Doctor's Orders: December 26-29, 2016 - WWE Match of the Year, PPV-Worthy Last Smackdown of 2016, and Options For AJ Styles at WrestleMania 33
By The Doc
Dec 29, 2016 - 6:05:57 PM
”The Doc” Chad Matthews has been a featured writer for LOP since 2004. Initially offering detailed recaps and reviews for WWE's top programs, he transitioned to writing columns in 2010. In addition to his discussion-provoking current event pieces, he has written many acclaimed series about WrestleMania, as well as a popular short story chronicle. The Doc has also penned a book, The WrestleMania Era: The Book of Sports Entertainment, published in 2013. It has been called “the best wrestling book I have ever read” and holds a 5-star rating on Amazon, where it peaked at #3 on the wrestling charts.
WrestleMania Options for AJ Styles
Smackdown Live Review
2016 WWE Match of the Year
QUESTION OF THE DAY: Does it affect your interest in Cena vs. Taker if Styles is downgraded to a much lesser WrestleMania match?
From almost the moment that John Cena stated on this week’s Smackdown that he would be challenging for the WWE Championship at the Royal Rumble, the speculation began that the Golden Boy would win the title for the record-tying 16th time and head into WrestleMania 33 for the long-awaited showdown with Undertaker. As that possibility has begun to sink in, we are beginning to see the early grumblings from AJ Styles fans that The Phenomenal One might be the odd man out at Mania despite being the consensus choice for 2016 WWE Wrestler of the Year.
It would certainly be a shame to see Styles in anything less than a prime position at The Show of Shows next year, which begs the question: is it too presumptuous to think that Cena vs. Undertaker for the WWE Championship is set in stone and, if that plan has been written by Vince McMahon’s pen, what does it mean for AJ Styles? Let’s explore some potential WrestleMania 33 scenarios for Styles, Cena, and Taker.
Scenario A: Cena defeats Styles to win the title at the Rumble
Starting with the armchair booking that many agree is the most likely, if Cena beats Styles in January and Taker emerges as the Mania challenger, Styles would presumably shift into a high profile secondary feud on Smackdown. Seeds were recently planted during a Miz TV segment for the current Intercontinental Champion to engage Styles in a rivalry that would essentially put 2016’s WOTY against one of the popular runner-ups for that award. Miz has been at his career best for several months and feuding with him could be the catalyst for the fans being able to fully embrace Styles as a protagonist again. Having been given the chance to broaden his character’s horizons via his late spring heel turn, AJ would return to the lighter side of the force in a potentially better situation and capitalize on such a great 2016 with fresh personic legs, poised for an even better 2017. Styles would essentially assume the role of Daniel Bryan’s proxy given the similarities between them as smaller wrestlers who made their names initially on the independent scene. There are some character dynamics that would have to be tweaked along the way, but there is intrigue in Miz vs. Styles.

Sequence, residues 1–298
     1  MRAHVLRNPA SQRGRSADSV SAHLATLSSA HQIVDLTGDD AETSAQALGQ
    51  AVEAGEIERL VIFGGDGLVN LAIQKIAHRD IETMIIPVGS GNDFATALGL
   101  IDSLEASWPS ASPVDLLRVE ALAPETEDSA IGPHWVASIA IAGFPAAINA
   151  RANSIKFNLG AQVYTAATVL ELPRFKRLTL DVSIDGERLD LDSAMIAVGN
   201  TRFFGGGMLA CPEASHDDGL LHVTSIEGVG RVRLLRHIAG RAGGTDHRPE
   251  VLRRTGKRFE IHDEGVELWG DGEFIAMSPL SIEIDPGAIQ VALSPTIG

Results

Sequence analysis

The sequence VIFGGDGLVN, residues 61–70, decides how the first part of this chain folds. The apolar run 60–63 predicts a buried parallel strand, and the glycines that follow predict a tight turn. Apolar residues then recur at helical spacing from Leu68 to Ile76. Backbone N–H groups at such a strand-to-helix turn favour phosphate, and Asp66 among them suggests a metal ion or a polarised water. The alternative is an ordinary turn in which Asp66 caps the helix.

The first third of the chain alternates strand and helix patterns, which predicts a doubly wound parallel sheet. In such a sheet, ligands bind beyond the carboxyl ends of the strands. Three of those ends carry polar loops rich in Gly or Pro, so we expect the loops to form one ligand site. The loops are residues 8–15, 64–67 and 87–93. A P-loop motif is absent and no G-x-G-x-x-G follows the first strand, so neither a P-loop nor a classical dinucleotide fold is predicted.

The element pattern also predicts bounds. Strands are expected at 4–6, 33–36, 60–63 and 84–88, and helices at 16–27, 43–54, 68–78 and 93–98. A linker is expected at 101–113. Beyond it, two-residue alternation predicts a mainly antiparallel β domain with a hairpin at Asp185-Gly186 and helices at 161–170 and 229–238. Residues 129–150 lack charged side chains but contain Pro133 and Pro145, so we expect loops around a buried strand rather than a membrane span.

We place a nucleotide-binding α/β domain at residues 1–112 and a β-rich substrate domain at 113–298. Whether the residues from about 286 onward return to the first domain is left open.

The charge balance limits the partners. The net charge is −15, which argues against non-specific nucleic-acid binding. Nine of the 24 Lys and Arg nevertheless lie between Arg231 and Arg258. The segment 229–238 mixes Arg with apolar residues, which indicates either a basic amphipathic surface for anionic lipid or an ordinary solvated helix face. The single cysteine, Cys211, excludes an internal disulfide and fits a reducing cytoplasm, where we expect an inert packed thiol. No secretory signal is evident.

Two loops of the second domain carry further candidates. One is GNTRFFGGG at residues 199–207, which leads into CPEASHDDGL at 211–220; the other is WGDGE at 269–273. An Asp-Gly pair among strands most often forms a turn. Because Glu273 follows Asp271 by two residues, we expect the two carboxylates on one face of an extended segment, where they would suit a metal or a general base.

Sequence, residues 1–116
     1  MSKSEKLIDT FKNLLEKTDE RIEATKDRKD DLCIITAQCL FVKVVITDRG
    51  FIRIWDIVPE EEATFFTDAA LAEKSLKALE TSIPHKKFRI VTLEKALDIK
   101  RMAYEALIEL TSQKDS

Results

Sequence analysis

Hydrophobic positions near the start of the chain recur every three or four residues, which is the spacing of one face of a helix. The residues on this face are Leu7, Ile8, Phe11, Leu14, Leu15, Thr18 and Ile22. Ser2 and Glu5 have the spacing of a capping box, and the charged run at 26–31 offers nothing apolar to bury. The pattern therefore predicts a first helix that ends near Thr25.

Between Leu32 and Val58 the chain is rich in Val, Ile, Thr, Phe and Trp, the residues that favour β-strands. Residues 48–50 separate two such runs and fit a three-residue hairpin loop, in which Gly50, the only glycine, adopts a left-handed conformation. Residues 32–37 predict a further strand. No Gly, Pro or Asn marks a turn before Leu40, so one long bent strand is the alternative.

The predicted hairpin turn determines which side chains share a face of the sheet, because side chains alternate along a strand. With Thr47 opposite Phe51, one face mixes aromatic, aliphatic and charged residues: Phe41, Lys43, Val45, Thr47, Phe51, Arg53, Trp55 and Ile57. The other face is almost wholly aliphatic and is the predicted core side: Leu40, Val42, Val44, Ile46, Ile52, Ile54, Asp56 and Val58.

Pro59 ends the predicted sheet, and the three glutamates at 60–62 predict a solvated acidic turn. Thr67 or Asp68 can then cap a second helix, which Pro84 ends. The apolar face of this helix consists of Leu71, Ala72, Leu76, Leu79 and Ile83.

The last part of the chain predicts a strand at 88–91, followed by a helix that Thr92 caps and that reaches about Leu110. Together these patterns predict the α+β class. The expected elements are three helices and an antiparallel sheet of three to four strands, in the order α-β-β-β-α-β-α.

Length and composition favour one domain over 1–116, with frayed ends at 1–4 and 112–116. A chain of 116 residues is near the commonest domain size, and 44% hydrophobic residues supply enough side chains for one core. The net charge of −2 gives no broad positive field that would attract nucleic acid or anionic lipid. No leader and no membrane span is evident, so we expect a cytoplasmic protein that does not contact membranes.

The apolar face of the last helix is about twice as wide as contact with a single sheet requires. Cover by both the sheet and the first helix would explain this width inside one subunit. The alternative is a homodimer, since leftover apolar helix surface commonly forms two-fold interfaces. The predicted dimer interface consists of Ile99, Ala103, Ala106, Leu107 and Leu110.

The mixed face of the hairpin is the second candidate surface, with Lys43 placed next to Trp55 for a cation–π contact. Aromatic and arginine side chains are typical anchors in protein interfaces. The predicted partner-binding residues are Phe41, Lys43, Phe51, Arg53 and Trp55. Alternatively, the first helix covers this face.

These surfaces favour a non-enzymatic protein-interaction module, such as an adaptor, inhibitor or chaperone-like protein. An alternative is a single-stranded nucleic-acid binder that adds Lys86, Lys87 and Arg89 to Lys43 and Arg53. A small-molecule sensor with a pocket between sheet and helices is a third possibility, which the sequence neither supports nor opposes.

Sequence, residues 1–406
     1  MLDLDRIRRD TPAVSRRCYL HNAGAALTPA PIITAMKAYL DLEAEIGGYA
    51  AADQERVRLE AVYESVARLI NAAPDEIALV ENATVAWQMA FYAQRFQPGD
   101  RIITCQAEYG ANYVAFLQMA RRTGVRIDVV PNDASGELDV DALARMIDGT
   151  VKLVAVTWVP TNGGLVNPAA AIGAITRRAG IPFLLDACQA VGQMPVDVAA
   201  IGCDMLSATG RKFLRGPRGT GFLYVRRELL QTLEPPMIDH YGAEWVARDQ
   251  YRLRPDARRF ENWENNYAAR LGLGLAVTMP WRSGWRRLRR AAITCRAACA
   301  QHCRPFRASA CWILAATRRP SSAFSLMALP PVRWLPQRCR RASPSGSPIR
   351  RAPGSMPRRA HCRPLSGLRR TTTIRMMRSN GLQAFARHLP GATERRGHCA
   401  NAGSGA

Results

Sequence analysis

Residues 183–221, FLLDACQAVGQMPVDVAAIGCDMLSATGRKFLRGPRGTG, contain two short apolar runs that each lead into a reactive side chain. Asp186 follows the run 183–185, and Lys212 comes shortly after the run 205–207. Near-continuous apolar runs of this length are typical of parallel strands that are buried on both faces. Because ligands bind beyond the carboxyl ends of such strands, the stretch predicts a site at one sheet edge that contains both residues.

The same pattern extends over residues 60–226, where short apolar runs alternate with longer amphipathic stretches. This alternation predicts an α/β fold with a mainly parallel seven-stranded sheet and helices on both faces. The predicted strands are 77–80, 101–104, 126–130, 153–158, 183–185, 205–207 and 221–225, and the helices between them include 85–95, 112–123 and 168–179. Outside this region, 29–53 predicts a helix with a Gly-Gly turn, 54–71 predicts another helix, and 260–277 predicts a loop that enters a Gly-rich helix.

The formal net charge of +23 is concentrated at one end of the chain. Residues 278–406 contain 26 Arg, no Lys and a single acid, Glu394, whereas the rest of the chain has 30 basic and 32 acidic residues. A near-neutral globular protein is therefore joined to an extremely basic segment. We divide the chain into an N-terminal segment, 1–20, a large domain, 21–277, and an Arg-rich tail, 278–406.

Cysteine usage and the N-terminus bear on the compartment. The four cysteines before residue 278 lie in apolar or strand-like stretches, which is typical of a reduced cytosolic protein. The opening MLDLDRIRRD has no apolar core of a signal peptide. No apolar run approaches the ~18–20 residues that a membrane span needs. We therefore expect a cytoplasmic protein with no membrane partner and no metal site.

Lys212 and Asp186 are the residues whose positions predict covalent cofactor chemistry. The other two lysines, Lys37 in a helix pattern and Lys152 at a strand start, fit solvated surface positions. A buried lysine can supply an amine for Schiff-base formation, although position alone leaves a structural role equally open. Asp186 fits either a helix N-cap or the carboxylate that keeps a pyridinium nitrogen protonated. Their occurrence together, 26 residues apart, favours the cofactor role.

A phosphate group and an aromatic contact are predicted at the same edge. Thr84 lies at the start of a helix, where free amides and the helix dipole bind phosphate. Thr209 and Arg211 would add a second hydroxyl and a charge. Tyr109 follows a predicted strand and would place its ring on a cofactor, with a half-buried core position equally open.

Another option for AJ would be a match against Randy Orton. Styles has said outright in recent interviews that Orton is someone he considers a “dream opponent.” Orton has alluded to the fact that he feels similarly about Styles. Though an entire angle would need to play out between The Viper and The Wyatt Family in order to reach the point where he could move into a new storyline, the tension between Bray’s stablemates having already escalated just this week gives the impression that WWE views the Orton-Wyatt payoff as being more likely to happen in the near rather than distant future. Orton vs. Styles would have “classic Mania mid-card match” written all over it.
Scenario B: Styles defeats Cena to retain the title at the Rumble due to Undertaker’s interference
In this set-up, Taker vs. Cena would be stimulated by The Deadman as the aggressor and, given how motivated by the 16th title reign Cena’s character has been over the past several months when on TV, this seems like a perfect opportunity for someone to knock him off of his high horse to set-up a WrestleMania encounter. Cena showed an edgier attitude on Smackdown in Chicago; Taker is the conscience of WWE. Insert a few creative details and that could be the foundation for a heated clash of historic titans.
After all, one could certainly argue that Taker vs. Cena is not a match that needs the championship to maximize its potential; not to discount that the best case scenario for WWE’s surest bet to deliver in a huge match on a grand stage since Shawn Michaels retired is to have him carry the WWE Title into Mania. The above mentioned matches with Miz or Orton would each be far more intriguing if the World Championship was at stake. There are also the remote possibilities of a debuting NXT star like Samoa Joe coming to Smackdown to face Styles or a Rumble winner from Raw switching brands to challenge him, the former more interesting with and the latter absolutely essential for the involvement of the championship.